Dataset Information


Next steps in the identification of gene targets for type 1 diabetes.

ABSTRACT: The purpose of this review is to provide a view of the future of genomics and other omics approaches in defining the genetic contribution to all stages of risk of type 1 diabetes and the functional impact and clinical implementations of the associated variants. From the recognition nearly 50 years ago that genetics (in the form of HLA) distinguishes risk of type 1 diabetes from type 2 diabetes, advances in technology and sample acquisition through collaboration have identified over 60 loci harbouring SNPs associated with type 1 diabetes risk. Coupled with HLA region genes, these variants account for the majority of the genetic risk (~50% of the total risk); however, relatively few variants are located in coding regions of genes exerting a predicted protein change. The vast majority of genetic risk in type 1 diabetes appears to be attributed to regions of the genome involved in gene regulation, but the target effectors of those genetic variants are not readily identifiable. Although past genetic studies clearly implicated immune-relevant cell types involved in risk, the target organ (the beta cell) was left untouched. Through emergent technologies, using combinations of genetics, gene expression, epigenetics, chromosome conformation and gene editing, novel landscapes of how SNPs regulate genes have emerged. Furthermore, both the immune system and the beta cell and their biological pathways have been implicated in a context-specific manner. The use of variants from immune and beta cell studies distinguish type 1 diabetes from type 2 diabetes and, when they are combined in a genetic risk score, open new avenues for prediction and treatment. Graphical abstract.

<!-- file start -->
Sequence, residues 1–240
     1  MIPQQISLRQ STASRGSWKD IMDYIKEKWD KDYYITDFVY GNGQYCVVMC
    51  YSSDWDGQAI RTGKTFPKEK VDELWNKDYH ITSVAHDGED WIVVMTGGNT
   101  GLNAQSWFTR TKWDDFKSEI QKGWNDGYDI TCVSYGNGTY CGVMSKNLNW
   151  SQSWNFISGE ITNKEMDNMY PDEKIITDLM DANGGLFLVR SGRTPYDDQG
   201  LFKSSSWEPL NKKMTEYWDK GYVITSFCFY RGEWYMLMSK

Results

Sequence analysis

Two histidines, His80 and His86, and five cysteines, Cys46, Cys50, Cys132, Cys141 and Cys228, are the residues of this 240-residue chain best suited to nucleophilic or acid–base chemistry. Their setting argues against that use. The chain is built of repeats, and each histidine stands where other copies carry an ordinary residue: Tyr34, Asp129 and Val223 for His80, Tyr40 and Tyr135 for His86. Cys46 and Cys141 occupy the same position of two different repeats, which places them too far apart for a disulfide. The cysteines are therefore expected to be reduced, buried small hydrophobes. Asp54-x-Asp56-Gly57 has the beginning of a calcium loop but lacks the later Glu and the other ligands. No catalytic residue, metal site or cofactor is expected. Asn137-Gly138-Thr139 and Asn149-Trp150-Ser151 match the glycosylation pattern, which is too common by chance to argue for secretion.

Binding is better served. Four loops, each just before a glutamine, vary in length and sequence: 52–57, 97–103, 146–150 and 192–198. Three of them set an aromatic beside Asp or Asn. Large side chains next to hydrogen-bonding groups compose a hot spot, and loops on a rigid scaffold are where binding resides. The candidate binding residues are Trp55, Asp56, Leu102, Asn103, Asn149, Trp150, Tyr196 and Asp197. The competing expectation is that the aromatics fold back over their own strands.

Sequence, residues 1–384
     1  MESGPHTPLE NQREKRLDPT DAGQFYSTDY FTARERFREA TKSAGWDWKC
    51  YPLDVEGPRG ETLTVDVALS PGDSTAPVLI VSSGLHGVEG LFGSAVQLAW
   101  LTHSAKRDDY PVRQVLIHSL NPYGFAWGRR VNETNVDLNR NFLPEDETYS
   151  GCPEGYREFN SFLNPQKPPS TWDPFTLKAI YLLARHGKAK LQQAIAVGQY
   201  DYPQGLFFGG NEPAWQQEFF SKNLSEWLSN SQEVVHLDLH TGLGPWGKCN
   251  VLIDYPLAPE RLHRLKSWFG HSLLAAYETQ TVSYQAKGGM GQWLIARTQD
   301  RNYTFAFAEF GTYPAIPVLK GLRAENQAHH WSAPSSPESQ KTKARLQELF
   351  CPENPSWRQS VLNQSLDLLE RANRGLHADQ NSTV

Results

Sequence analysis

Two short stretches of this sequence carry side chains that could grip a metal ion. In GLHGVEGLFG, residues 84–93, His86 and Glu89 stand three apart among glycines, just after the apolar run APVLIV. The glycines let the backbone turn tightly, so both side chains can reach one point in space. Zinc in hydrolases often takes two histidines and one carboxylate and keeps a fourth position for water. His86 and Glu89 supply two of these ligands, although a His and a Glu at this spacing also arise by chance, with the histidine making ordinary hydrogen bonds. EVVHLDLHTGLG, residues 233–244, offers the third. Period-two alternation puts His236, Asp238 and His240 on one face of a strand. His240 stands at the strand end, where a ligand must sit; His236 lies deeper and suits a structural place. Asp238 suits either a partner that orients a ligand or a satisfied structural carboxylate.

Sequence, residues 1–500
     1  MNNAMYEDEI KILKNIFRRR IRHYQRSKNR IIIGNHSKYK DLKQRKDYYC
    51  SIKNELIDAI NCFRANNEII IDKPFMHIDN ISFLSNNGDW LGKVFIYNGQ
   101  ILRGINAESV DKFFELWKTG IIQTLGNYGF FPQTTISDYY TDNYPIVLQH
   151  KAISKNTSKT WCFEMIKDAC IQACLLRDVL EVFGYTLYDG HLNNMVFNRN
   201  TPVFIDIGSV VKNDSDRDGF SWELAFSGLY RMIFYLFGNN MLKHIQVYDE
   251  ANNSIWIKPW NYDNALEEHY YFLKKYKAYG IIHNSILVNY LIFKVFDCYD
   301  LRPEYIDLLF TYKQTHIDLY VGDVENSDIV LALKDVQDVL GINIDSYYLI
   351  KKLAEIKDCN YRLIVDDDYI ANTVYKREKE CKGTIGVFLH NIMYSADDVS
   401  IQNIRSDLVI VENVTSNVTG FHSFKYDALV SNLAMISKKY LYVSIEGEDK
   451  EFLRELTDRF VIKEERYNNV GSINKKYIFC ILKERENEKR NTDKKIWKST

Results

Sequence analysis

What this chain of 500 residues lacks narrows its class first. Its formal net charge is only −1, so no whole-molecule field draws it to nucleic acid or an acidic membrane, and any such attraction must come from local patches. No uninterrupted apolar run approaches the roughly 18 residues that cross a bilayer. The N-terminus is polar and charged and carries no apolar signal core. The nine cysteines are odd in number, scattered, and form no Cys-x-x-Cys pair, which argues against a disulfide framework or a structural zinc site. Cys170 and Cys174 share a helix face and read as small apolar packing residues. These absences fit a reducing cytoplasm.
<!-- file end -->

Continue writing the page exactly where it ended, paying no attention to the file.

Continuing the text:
PROVIDER: S-EPMC7527360 | BioStudies | 2020-01-01

REPOSITORIES: biostudies

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